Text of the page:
This explains why men are more interested in gossip than women, since they need to scope out not just potential mates but also existing competitors. It also explains why, to the extent that women are interested in gossip, they focus almost exclusively on gossip about men rather than other women.
Hm. This conclusion seems to be at odds with the one we wanted. Oh well. Never mind. We still know from first principles that everything is determined by the genes we inherited from our cave-dwelling ancestors.[Find this post here.]Subject: “I’ve been to some gay weddings”Re: “It’s the Commitment, Stupid: How to sell gay marriage.”From: Dar-al-IsalamDate: Thu Nov 20 2028hI’ve been to some gay weddings … the only thing missing from the ceremony was a piece of paper from the government recognizing the marriage.
Gays can and do marry, sort of, in churches and elsewhere. These unions are marriages in every sense of the word except for legally. Gays can and do have legal protections for their unions if they engage the services of a competent lawyer. Female Gays can and do procreate, often with the assistance of male gays (use your imagination, ok). Gays can and do adopt children, often children that are less than optimal adoption material. Gays work. Gays pay taxes. Gays vote. Gays buy houses, they live down the block, next door, maybe even in your house. Gays are children and fathers and husbands and brothers and sisters and moms and soldiers and sailors and politicians and beggars and thieves.
The one thing that gays can’t do is denied to them by the state solely because they are not a male/female couple. A gay man can marry a gay female and the state doesn’t bat an eye. A gay man can marry another man, providing that one of them has been surgically altered to represent a female and this surgical alteration has been duly recognized and registered with the state. Gays can cohabitate, raise families, pay taxes, work, love, live, kill and pay bills. But, by God, they can’t get married. To each other, to their lover, to their life companion because … because … because?
Because it upsets us?
Don’t ask, don’t tell and please, please, please by God don’t think we are going to let you get married!
That is just too much because, like, I’m married and if you gays got married then we would have something in common?
Something in common other than all that other stuff, I mean.[Find this post here.]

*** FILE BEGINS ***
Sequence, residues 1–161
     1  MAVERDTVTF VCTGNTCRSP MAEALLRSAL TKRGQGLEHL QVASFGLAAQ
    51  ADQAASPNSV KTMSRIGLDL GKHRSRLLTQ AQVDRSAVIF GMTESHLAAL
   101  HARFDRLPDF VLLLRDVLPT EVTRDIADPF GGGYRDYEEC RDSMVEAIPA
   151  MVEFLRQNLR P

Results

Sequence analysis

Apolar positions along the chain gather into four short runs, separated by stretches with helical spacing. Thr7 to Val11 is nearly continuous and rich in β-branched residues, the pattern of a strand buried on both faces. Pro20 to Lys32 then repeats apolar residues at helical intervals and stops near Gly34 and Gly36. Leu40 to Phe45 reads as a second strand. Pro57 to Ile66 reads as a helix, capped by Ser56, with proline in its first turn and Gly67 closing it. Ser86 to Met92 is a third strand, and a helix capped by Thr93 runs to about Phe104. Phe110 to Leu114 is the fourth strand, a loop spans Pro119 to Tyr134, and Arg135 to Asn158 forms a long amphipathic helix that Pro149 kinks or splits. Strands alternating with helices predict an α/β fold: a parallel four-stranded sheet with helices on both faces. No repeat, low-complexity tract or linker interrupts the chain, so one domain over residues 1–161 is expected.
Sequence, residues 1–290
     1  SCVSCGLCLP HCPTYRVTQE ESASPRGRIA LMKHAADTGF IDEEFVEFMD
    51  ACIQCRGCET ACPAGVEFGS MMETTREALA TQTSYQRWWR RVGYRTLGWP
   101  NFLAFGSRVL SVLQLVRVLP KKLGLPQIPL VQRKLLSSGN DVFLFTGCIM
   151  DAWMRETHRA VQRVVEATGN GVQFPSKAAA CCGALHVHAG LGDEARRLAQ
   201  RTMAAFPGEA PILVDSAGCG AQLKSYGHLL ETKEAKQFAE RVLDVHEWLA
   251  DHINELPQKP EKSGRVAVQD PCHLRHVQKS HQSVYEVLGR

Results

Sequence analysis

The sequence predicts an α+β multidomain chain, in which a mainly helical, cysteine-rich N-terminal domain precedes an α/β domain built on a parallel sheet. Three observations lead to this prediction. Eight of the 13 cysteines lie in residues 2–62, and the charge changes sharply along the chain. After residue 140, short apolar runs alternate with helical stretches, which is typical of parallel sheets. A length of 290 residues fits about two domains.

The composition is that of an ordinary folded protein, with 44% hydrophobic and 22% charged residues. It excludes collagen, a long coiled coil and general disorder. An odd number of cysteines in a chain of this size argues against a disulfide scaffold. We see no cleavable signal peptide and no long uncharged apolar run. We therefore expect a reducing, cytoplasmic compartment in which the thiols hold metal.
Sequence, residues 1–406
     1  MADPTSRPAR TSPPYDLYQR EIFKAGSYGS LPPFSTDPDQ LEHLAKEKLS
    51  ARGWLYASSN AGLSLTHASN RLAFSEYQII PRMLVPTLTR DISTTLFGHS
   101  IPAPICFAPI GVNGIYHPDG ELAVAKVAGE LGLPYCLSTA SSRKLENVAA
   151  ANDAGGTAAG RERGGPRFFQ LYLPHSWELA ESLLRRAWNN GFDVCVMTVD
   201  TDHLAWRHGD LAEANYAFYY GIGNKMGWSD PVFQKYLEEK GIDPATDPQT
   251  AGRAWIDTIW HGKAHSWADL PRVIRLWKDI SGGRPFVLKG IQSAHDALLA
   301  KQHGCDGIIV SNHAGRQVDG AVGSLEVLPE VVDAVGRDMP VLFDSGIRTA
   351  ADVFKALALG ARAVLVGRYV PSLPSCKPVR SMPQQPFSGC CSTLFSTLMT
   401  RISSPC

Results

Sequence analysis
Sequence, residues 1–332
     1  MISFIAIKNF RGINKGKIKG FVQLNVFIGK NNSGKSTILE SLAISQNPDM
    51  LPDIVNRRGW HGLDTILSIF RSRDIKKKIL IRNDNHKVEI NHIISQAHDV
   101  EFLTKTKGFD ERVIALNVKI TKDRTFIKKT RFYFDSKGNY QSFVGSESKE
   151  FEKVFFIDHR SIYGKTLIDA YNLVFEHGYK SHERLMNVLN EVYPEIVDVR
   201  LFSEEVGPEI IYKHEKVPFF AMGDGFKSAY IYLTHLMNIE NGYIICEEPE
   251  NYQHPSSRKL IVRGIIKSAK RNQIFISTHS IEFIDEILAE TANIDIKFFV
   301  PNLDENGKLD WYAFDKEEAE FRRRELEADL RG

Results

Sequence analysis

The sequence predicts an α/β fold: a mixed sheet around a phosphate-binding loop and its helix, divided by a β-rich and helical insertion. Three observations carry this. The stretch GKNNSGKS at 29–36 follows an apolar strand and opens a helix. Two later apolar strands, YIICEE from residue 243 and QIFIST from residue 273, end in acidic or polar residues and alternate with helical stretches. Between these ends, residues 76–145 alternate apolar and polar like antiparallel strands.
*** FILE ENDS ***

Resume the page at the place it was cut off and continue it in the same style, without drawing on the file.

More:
Subject: “THG is a steroid, and steroids are CHEATING”Re: “It’s the Commitment, Stupid: How to sell gay marriage.”From: dirqDate: Mon Nov 24 1103hThe fact that the stuff is not illegal, and therefore we should ignore how tons of professional athletes have been shooting THG is morally deficient. The fact is that THG is a STEROID, and our morally bankrupt professional sports leagues are dedicated to LIP SERVICE against steroids. And as such, this is CHEATING. The author argues that there’s no law against THG. Pure bunk—THG is a synthetic steroid, and is DOUBLY dishonest to use—firstly because it is a steroid, but is rationalized to be legal because it was just invented, and kept SECRET, so that laws couldn’t be written up spelling out that it’s illegal, and secondly, because there is (WAS) no test for it, its biggest appeal to athletes was that it was supposedly UNDETECTABLE. A popular method of CHEATING for all athletes is to build strength in training using steroids, and then clean up in competition when the spotlight is upon you. If the spotlight cannot detect the steroid you are using, however, you can use it ALL THE TIME, thereby increasing your nefarious edge in competition. Make no mistake—these professional athletes TOOK this drug, the KNEW it was a steroid, and Barry Bonds, quite frankly, has completely rewritten the baseball record books with it.Our author may not care about historical standards of greatness, but no clearer example exists of how these standards can be ruined by CHEATING other than Barry Bonds. The amount of damage these steroids have done to the credibility of professional sports is incalculable. If our author has his way, however, the damage may not be so great, as he is willing to do what cheating professional athletes want all sports fans to do, which is to look the other way. If no one cares, then there’s no problem. But I’m sorry, I care.[Find this post here.]